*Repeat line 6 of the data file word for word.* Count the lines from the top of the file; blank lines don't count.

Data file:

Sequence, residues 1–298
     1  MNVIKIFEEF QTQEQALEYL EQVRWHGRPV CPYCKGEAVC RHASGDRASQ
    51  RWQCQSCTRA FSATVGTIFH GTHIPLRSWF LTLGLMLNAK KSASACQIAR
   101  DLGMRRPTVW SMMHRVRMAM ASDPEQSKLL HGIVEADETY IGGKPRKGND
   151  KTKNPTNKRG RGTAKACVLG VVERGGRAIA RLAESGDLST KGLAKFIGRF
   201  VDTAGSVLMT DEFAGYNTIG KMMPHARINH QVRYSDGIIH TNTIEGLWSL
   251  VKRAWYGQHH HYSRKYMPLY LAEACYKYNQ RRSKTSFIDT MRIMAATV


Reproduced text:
   201  VDTAGSVLMT DEFAGYNTIG KMMPHARINH QVRYSDGIIH TNTIEGLWSL